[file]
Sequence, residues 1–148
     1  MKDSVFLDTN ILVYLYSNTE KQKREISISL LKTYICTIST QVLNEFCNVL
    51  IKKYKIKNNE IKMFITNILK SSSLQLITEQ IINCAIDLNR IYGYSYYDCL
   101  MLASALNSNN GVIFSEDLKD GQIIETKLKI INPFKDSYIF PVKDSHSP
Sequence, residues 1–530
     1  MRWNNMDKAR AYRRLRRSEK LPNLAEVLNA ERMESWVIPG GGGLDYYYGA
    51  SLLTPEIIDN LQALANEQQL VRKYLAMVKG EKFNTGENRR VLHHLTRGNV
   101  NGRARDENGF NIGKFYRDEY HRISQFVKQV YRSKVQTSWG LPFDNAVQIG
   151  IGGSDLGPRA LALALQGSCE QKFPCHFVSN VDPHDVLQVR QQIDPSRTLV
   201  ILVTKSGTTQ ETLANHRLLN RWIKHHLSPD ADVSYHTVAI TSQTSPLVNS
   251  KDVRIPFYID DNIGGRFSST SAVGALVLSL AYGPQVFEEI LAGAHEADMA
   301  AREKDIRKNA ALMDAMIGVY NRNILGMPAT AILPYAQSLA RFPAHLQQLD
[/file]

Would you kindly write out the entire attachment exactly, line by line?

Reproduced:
Sequence, residues 1–148
     1  MKDSVFLDTN ILVYLYSNTE KQKREISISL LKTYICTIST QVLNEFCNVL
    51  IKKYKIKNNE IKMFITNILK SSSLQLITEQ IINCAIDLNR IYGYSYYDCL
   101  MLASALNSNN GVIFSEDLKD GQIIETKLKI INPFKDSYIF PVKDSHSP
Sequence, residues 1–530
     1  MRWNNMDKAR AYRRLRRSEK LPNLAEVLNA ERMESWVIPG GGGLDYYYGA
    51  SLLTPEIIDN LQALANEQQL VRKYLAMVKG EKFNTGENRR VLHHLTRGNV
   101  NGRARDENGF NIGKFYRDEY HRISQFVKQV YRSKVQTSWG LPFDNAVQIG
   151  IGGSDLGPRA LALALQGSCE QKFPCHFVSN VDPHDVLQVR QQIDPSRTLV
   201  ILVTKSGTTQ ETLANHRLLN RWIKHHLSPD ADVSYHTVAI TSQTSPLVNS
   251  KDVRIPFYID DNIGGRFSST SAVGALVLSL AYGPQVFEEI LAGAHEADMA
   301  AREKDIRKNA ALMDAMIGVY NRNILGMPAT AILPYAQSLA RFPAHLQQLD